Ashley Carty is a seasoned medical professional with over 8 years of experience working at the top hospitals in Southern California, including Hoag, Saddleback Memorial, and UCSD.
The age-old saying, “teamwork makes the dream work” rings true in nearly every profession. The medical field is no exception. A diverse medical team breeds success and is vital for patient care.
Diversity in nearly every profession is essential. In health care, doctors and other health care workers from different cultures and backgrounds bring their unique perspectives to share with colleagues and patients. This helps improve our processes for providing care and helps us be more understanding and responsive to our patients’ needs.” — Dr. Lisa Doggett, a family physician in Austin, Texas.
Medicine involves caring for diverse populations and providing care with a team that isn’t diverse can prove to be problematic. The medical field needs to diversify to serve its diverse patient population. Diversity in health care goes far beyond a language barrier. It’s about understanding the mindset of a patient within a broader context of culture, gender, sexual orientation, religious beliefs, and socioeconomic realities.
Recommended Course: Managing a Diverse Medical Team
If you’re looking to create a dream team, you’ll need diversity as a vital part of your corporate culture. Rather than hiring based on “fit” — aka “people like us” build a culture where fit means people expand who your practice is. Think about the company you want to build rather than the spots that are open. Getting caught up in the short-term to fill a role with someone that has a functional skill such as project management can be easy to get caught up in. Consider how each team member adds to the overall diversity of approaches and experiences that will help guide the team through growth and change.
Gender, racial, and ethnic diversity may be visible, but ensuring other kinds of diversity is essential as well. Different diversity types include educational background, geography, economics, family status, disability, sexual preference, gender expression/identity, political inclination, religious affiliation, age, and neuro-diversity (people who may connect the dots differently).
It’s easy to want to put an employee or co-worker into a box when it comes to your expectations of them. Consider the team member who is always-15-minutes-early – thrust them into a situation where they are working with a free-spirited artist (creative people aren’t usually ones to watch the clock). This particular artist proves that by wandering into work a few minutes most days. Our first instinct is to blame the artist for not keeping a tight schedule or not taking the job seriously. Being on time isn’t everything. It’s possible that the artist’s best ideas happen while listening to music at 3:00 a.m. If so, the artist may have been working hours earlier than her punctual co-worker. When you dive in deep to learn about weaknesses, you can find strengths.
In addition, you can see how different players on the team (diversity in personality types) can contribute in unique ways. Granted, some may be irritating, but everyone has their weaknesses as well as strengths. Strategically applying this information may even enhance a team’s efforts. To learn more about how to create a diverse medical team using personality traits, click here. For instance, you can then dive in to learn about their weaknesses and strengths and have a better idea of who to pair them with and what projects to task them with.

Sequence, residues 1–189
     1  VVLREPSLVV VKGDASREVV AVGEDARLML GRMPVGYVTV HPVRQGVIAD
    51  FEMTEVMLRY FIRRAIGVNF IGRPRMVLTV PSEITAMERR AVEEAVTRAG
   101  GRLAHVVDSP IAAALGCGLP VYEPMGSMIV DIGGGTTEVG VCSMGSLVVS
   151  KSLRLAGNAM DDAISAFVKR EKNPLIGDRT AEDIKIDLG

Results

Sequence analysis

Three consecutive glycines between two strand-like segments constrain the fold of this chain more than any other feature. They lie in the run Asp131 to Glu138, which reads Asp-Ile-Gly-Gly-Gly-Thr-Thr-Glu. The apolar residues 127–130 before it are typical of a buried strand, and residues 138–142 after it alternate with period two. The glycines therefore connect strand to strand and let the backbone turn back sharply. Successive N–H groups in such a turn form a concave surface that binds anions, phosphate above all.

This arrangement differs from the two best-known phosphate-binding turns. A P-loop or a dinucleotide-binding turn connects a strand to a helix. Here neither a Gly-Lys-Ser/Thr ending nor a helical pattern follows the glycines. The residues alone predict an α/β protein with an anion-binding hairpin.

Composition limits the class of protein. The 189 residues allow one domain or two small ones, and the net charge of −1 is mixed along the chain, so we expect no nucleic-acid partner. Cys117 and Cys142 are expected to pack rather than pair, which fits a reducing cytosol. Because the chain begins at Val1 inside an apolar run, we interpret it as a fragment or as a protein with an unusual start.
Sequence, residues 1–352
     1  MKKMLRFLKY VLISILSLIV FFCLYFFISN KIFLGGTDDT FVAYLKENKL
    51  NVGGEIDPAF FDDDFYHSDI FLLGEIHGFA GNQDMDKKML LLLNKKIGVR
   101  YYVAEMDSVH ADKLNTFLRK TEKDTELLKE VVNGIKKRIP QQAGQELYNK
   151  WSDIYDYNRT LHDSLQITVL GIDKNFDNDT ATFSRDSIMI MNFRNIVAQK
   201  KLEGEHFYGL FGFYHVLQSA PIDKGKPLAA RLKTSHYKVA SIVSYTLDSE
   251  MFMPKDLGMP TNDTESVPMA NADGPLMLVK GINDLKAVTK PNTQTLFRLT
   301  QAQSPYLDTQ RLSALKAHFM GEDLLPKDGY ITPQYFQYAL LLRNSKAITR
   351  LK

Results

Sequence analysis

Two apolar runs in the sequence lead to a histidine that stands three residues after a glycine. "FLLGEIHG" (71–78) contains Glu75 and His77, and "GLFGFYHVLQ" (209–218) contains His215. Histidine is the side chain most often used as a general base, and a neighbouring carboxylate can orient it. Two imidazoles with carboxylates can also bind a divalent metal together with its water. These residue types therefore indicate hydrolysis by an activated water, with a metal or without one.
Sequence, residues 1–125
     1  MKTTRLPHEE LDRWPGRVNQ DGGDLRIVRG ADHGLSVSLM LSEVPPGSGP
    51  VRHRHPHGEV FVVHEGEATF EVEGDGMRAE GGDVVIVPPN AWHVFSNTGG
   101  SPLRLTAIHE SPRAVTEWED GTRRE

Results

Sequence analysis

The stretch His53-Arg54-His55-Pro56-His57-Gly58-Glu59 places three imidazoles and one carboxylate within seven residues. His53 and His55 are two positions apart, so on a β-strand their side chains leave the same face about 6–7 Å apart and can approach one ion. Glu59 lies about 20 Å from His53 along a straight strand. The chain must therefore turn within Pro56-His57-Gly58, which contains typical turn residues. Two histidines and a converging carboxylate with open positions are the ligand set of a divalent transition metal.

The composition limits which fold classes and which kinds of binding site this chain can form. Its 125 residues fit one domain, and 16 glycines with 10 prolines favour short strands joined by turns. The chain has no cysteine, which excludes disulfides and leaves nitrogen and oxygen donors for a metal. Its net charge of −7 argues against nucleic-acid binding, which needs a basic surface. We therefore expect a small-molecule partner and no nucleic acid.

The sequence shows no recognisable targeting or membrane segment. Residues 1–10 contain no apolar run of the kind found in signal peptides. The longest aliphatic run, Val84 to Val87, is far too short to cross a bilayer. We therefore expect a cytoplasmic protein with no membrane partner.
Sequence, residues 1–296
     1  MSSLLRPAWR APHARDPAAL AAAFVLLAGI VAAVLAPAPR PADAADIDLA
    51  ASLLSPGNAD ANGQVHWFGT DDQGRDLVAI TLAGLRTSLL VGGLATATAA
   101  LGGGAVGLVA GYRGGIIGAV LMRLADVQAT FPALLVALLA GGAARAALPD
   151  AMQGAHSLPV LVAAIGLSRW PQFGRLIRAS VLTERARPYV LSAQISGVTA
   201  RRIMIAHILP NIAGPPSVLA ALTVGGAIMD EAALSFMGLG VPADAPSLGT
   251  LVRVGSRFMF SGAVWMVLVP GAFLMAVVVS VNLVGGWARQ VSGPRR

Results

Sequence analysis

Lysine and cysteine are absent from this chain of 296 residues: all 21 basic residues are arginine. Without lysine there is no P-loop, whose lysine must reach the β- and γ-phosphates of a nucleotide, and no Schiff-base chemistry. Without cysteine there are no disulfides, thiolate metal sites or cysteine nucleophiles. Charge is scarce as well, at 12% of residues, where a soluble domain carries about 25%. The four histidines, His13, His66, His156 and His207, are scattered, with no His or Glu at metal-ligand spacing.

It’s not enough to incorporate and learn cultural diversity in the workplace; you have to leverage it. Embrace differences, new perspectives, and different ways of doing things. Followthrough, once you’ve hired, is vital. Having a cross-cultural team presents opportunities for creativity, innovation, and learning from others of a different background. It’s time to start planning and implementing. Cultivating a diverse team doesn’t require additional resources or special skills. Take a critical look at current processes and identify what could be improved.
If you can, allocate time annually for team building sessions or a retreat. Having shared experiences can help connect people outside of work. Retreats allow your team to reignite their passion for your mission. They allow coworkers to let off steam, build trust, and move beyond barriers.
Between 2011 and 2017, 16 team retreats were attended by 232 interprofessional trainees and 77 unique staff (some attended multiple times). Thirty-seven faculty facilitated. Most participants strongly agreed that they knew their team members better personally and professionally after the retreat (M = 4.7 out of 5, n = 368); 78% of teams (n = 65) submitted SMART goals addressing high-functioning teams. Participants’ comments consistently reflected the benefits of protected time for team building.
Do you feel like your current work environment is diverse enough? Are you looking to create a more diverse medical team? Do you know a few great ways to incorporate cultural diversity best practices? Let us know in the comments below.
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